Twins waiting for adoption at the AOA orphanage near Pochentong
HE Asian Orphanage Association (AOA), a Phnom Penh adoption center opened last year
by suspected baby-traffickers, and now run by two former Tourism Ministry officials,
is providing babies for foreign adoptions.
The AOA, located in Kok Prich, a village near Pochentong Airport, started operations
last December. According to villagers living near AOA, it was started by Tith Von,
the manager of another adoption center, Women and Orphan Vocational Association (WOVA),
in partnership with a taxi driver, Soeng Mon.
Investigations by a human rights NGO and the Post have linked Von directly with buying
Cambodian babies to supply American adoption agencies (Post. May 26, 2000). And the
39-year-old taxi driver, Mon, was detained by police on suspicion of baby trafficking
on August 23, 1999.
Mon and a woman he employed, Hem Sokdavy, 29, were both detained after police received
a complaint by a mother who had sold her three-year-old daughter, Srey Noch, to Sokdavy.
The mother told investigators that she initially sold her daughter for $40, but then
received an extra $10. After the sale, the mother wanted to see her daughter again
but Sokdavy told her she could only see the baby if she repurchased her. The mother
filed a complaint and police detained Sokdavy.
When Sokvady was taken to the Tonle Bassac police station, she showed police a contract
for the purchase of the baby and insisted it was a "legal" transaction.
Sokvady told police she worked for Mon, who she described as a taxi driver who acquired
babies for an organization she could not name.
Later that same day Mon was taken into custody on suspicion of baby trafficking.
According to investigators, about midnight on August 8, high-ranking officials from
the Ministry of Interior came to the police station to demand the release of Mon
and Sokvady. They were set free the following morning.
Human rights investigators say Mon still operates a taxi outside Phnom Penh's Sunway
Hotel - where clients of several American adoption agencies stay while completing
adoption procedures in Cambodia. After his release, investigators discovered Mon
also worked for WOVA.
Villagers near AOA told investigators that when Von and Mon first began construction,
they were told a health center was being built. They were surprised to learn later
that it was an orphanage. They were told by Von and Mon that they fed babies from
poor families at AOA, and if the babies were lucky, they would be adopted by wealthy
Investigators learned from the villagers that Von and Mon sold AOA early this year.
The new owners of AOA - Director Serey Puth and Manager Yoso Khan - are both former
officials for the Ministry of Tourism.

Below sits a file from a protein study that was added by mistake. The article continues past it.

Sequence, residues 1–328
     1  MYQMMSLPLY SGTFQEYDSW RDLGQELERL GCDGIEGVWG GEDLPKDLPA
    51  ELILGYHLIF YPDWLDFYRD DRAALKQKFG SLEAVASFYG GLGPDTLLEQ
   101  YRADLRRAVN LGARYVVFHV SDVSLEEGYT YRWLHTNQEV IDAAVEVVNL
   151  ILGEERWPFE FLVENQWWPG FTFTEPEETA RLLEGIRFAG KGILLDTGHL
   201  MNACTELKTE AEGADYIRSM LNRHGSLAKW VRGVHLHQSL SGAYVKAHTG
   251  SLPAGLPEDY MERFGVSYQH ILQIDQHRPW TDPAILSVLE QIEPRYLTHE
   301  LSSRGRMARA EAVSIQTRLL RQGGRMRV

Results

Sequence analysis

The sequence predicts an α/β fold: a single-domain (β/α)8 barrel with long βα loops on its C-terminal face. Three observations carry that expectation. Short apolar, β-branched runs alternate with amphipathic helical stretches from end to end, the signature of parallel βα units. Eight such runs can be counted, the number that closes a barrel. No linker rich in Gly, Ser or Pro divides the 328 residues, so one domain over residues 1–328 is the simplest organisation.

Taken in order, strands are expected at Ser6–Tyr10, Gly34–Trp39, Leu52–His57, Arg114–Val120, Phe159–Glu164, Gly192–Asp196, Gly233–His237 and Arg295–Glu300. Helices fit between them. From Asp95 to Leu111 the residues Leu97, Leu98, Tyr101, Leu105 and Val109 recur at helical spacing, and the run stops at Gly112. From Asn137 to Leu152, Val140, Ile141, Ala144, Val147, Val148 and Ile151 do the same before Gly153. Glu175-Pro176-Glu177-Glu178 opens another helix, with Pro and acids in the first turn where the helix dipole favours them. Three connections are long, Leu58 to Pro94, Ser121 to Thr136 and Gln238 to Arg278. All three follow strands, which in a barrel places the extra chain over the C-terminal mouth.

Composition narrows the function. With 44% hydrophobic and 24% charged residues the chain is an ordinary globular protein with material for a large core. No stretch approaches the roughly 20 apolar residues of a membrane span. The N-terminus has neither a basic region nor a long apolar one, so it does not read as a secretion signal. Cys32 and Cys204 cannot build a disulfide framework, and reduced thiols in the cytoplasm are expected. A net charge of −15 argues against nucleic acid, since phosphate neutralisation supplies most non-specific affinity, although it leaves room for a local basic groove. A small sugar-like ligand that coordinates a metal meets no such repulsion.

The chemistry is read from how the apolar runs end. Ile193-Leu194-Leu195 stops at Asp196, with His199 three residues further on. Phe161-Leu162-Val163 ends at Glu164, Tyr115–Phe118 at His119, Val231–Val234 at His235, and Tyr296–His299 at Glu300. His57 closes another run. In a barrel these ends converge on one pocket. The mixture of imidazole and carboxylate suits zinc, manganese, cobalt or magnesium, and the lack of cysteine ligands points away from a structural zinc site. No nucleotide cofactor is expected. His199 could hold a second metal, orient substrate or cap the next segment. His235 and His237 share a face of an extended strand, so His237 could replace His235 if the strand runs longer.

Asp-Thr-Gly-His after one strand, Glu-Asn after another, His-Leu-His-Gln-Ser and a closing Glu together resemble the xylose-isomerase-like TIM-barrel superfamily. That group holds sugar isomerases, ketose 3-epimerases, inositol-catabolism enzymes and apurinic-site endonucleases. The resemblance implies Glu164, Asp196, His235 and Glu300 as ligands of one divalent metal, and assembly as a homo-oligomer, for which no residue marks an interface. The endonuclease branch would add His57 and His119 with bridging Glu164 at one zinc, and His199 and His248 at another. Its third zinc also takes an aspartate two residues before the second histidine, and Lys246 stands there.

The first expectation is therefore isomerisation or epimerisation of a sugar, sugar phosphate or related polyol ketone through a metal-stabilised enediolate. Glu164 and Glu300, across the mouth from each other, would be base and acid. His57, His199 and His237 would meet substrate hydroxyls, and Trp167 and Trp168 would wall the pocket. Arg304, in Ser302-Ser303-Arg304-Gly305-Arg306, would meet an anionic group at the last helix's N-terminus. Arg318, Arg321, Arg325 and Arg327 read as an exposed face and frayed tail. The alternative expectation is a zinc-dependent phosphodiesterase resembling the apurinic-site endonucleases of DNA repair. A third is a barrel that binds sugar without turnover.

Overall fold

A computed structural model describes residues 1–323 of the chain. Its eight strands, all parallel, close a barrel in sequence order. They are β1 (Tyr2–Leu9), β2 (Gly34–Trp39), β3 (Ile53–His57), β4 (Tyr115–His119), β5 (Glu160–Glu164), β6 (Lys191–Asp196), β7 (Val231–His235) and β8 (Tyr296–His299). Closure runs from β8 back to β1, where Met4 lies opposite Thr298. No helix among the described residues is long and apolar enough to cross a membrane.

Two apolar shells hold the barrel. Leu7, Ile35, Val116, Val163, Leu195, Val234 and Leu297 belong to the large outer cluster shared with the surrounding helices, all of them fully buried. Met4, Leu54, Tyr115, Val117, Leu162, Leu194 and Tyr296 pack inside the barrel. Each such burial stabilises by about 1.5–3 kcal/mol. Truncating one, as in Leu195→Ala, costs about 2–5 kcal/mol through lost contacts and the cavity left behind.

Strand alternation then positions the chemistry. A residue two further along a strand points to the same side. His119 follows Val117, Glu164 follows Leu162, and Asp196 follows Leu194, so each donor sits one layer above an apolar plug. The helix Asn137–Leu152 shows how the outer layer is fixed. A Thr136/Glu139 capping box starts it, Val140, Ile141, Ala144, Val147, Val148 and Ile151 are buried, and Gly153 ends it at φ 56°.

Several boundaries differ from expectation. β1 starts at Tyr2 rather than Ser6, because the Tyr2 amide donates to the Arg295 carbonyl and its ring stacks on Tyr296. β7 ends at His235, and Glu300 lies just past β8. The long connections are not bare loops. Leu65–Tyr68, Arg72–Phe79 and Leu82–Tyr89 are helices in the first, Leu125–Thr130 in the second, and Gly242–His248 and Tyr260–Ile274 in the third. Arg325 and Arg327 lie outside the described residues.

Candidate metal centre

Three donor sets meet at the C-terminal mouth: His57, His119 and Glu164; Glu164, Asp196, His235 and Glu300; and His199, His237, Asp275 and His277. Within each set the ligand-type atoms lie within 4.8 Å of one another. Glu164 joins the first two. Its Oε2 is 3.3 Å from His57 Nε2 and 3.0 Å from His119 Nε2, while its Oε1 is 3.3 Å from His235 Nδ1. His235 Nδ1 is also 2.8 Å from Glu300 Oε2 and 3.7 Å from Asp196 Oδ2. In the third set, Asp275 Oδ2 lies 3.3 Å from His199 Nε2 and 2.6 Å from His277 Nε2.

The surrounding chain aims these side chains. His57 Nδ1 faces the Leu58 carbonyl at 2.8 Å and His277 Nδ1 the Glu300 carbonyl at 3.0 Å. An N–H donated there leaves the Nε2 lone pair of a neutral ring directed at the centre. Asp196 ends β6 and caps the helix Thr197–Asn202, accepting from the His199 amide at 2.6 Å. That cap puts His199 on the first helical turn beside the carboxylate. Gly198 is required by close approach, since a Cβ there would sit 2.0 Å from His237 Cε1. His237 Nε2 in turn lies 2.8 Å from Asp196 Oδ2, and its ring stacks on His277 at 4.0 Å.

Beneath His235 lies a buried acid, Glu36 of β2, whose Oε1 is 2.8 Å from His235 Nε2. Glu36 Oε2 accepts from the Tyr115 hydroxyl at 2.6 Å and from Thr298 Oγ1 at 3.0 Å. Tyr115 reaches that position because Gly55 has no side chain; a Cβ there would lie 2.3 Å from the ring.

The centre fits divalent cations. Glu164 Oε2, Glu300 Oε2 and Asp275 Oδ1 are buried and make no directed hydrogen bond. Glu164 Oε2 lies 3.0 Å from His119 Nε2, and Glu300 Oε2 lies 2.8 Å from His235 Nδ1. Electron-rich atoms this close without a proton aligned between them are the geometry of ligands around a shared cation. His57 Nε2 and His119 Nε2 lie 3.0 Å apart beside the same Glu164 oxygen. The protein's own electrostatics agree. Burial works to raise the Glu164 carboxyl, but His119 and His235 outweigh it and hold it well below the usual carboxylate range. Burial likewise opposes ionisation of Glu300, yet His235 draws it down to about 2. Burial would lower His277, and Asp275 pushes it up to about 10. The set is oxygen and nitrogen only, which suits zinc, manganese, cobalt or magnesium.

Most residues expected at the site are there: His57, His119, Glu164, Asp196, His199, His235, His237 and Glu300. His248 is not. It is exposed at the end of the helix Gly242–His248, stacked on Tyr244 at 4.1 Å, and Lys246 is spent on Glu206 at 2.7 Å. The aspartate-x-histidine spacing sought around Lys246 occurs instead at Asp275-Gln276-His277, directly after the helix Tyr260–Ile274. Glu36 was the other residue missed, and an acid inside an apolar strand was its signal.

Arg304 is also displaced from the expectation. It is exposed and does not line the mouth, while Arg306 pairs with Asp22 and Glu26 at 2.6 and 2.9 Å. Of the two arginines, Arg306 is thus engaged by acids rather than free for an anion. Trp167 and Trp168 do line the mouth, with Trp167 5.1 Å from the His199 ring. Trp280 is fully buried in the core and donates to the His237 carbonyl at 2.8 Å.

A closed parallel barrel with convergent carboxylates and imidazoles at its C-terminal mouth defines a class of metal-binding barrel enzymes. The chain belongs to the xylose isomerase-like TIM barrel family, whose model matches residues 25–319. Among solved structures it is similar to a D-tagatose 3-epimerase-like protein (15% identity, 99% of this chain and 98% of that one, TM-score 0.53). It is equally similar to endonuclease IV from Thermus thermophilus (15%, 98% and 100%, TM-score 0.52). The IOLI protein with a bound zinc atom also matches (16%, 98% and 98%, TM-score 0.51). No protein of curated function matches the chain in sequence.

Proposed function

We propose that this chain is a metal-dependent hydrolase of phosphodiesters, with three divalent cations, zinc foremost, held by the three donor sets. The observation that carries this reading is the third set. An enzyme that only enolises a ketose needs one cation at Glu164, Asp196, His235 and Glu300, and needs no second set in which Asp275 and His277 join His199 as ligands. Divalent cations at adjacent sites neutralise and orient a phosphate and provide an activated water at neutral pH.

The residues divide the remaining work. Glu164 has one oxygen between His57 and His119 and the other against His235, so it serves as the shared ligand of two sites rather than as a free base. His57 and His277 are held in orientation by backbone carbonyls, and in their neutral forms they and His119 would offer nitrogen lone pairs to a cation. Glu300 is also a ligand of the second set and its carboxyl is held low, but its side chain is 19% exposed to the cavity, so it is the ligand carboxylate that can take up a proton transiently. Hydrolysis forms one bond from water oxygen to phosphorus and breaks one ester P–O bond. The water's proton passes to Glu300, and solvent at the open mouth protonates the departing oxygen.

The Post interviewed Khan at AOA. "My country is very poor and the number of
orphans are growing so I want to help the Government," said Khan, explaining
that he and his partner quit the Ministry of Tourism to operate an orphanage.
Khan said all the babies at AOA come from hospitals in the Phnom Penh area. He said
they are brought to AOA by hospital staff after being checked that they are HIV free.
He said the babies are voluntarily given to AOA by poor families who cannot afford
to look after their children.
When the babies are given to AOA their families are given no more than 20,000 riel,
"Because of my Buddhist beliefs, I give a donation to the parents.
"The babies' real parents are happier if they think the baby might be adopted
to foreign families," said Khan. But he claimed not to know how many babies
get adopted or what countries they are sent. "Everything I don't know,"
But investigators learned from nannies working at AOA that the parents are offered
$50 to $60 for their babies. The parents are told the money is to help them, and
they are instructed never to return to the orphanage.
Investigators were told about a scene outside AOA, witnessed by many villagers, where
a distraught mother who had sold her baby to AOA was told she would never see her
The woman was from Battambang, villagers said. She had come to Phnom Penh because
her husband needed medical treatment. While he was receiving the treatment she gave
birth. They were a poor family and she could not afford to pay for her husband's
hospitalization as well as feed the baby.
The mother learned she could sell the baby to AOA. Shortly after the baby's sale
her husband recovered, so she went back to the orphanage to retrieve the baby. She
said she had lied to her husband, telling him their first-born child was being cared